Congestion Charge Returning This Week After TfL Bailout

Mayor says Londoners being punished by government conditions

Congestion Charge Returning This Week After TfL Bailout

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Congestion charging in central London is to return this Monday as part of a range of measures agreed between the Mayor and the government following a bailout for TfL.

Earlier last week Sadiq Khan had said that it would be three weeks before the levy on drivers would be reinstated as the priority was to stop public transport becoming overcrowded.

According to a Downing Street spokesperson the roads in central London would come to halt without the charge and it was "an important tool to ensure that emissions in London remain low and support better air quality".

The operation of the scheme will be temporarily extended from 7am to 10pm and there will also be an increase in the charge from £11.50 to £15 from 22 June.

The exemption to NHS workers, which was introduced earlier this year, will also be extended to care home workers.

Natalie Chapman, of the Freight Transport Association said, "How are shops to be supplied, restaurants and cafes to be stocked and the rest of the capital's economy to obtain the products it needs when those charged with delivering these needs are to be punitively taxed at a time when their own industry is in recovery?"

Sadiq Khan has also been forced to abandon his policy of fare freezes and rises of 1% above the rate of inflation will be imposed from January.

TfL have also agreed to end free travel for younger children across London and restrict the operation of the travel passes for those over 60 in peak hours.

Fares on buses, which were scrapped to protect drivers who have been particularly hard hit during the outbreak, will also be reintroduced.

The Department for Transport (DfT) have said the changes would be implemented "as soon as practicable".

The Mayor said, "I want to be completely honest and upfront with Londoners, this is not the deal I wanted. But it was the only deal the government put on the table and I had no choice but to accept it to keep the Tubes and buses running."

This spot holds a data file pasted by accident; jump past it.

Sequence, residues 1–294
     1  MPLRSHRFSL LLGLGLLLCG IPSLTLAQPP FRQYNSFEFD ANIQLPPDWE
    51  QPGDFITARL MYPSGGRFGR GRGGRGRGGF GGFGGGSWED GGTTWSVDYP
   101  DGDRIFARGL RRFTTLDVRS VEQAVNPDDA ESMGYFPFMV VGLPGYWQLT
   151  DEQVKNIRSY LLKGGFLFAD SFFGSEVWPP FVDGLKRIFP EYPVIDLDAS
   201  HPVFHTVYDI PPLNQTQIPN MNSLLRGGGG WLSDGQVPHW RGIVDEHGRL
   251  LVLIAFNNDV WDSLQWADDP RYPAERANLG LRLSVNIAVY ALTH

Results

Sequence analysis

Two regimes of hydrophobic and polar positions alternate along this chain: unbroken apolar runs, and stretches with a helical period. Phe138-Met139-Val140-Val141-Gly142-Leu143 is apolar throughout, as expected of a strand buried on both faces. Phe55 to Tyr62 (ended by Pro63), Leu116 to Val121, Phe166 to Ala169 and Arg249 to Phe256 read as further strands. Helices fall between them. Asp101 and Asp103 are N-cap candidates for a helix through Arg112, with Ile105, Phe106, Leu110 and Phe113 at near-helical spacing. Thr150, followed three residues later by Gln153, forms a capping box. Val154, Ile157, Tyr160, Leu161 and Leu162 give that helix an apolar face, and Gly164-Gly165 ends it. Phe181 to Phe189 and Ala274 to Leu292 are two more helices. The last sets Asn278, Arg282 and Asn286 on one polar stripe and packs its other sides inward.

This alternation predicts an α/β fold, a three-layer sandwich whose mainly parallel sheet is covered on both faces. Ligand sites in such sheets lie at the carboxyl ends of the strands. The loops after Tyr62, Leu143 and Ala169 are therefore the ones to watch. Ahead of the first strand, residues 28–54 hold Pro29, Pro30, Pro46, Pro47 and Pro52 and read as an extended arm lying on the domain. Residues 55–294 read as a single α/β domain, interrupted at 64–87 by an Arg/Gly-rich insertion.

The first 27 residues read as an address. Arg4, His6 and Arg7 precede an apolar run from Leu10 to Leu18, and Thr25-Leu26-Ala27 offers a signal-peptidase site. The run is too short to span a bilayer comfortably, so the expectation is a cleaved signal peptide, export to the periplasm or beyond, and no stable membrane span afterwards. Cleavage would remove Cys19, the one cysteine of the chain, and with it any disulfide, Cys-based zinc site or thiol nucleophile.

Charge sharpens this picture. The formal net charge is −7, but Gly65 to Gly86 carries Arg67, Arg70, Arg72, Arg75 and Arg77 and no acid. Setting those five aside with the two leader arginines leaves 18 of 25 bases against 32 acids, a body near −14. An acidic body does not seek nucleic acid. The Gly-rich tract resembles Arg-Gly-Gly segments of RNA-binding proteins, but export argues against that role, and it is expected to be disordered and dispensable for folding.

He added, “This deal is a sticking plaster. The old model for funding public transport in London simply does not work in this new reality – fares income will not cover the cost of running services while so few people can safely use public transport."

The RMT Union issued a statement saying, “We will be seeking an urgent meeting with both the Mayor and Secretary of State for Transport to make clear London Transport workers will not pay the cost of the crisis.

“It looks like Boris Johnson is back in charge of transport in London. We will not accept one penny of austerity cuts imposed by Whitehall or passed on by City Hall as part of this funding package and our resistance will include strike action if necessary.”

At the same time the Mayor is closing some streets to motor traffic and restricting others to buses only in what he is describing as "one of the world's largest car-free zones".

Waterloo Bridge and London Bridge may be restricted to people walking, cycling and buses only with pavements widened.

Sadiq Khan said, “We will need many more Londoners to walk and cycle to make this work. That’s why these plans will transform parts of central London to create one of the largest car-free areas in any capital city in the world.

“If we want to make transport in London safe, and keep London globally competitive, then we have no choice but to rapidly repurpose London’s streets for people. By ensuring our city’s recovery is green, we will also tackle our toxic air which is vital to make sure we don’t replace one public health crisis with another. I urge all boroughs to work with us to make this possible.”

May 17, 2020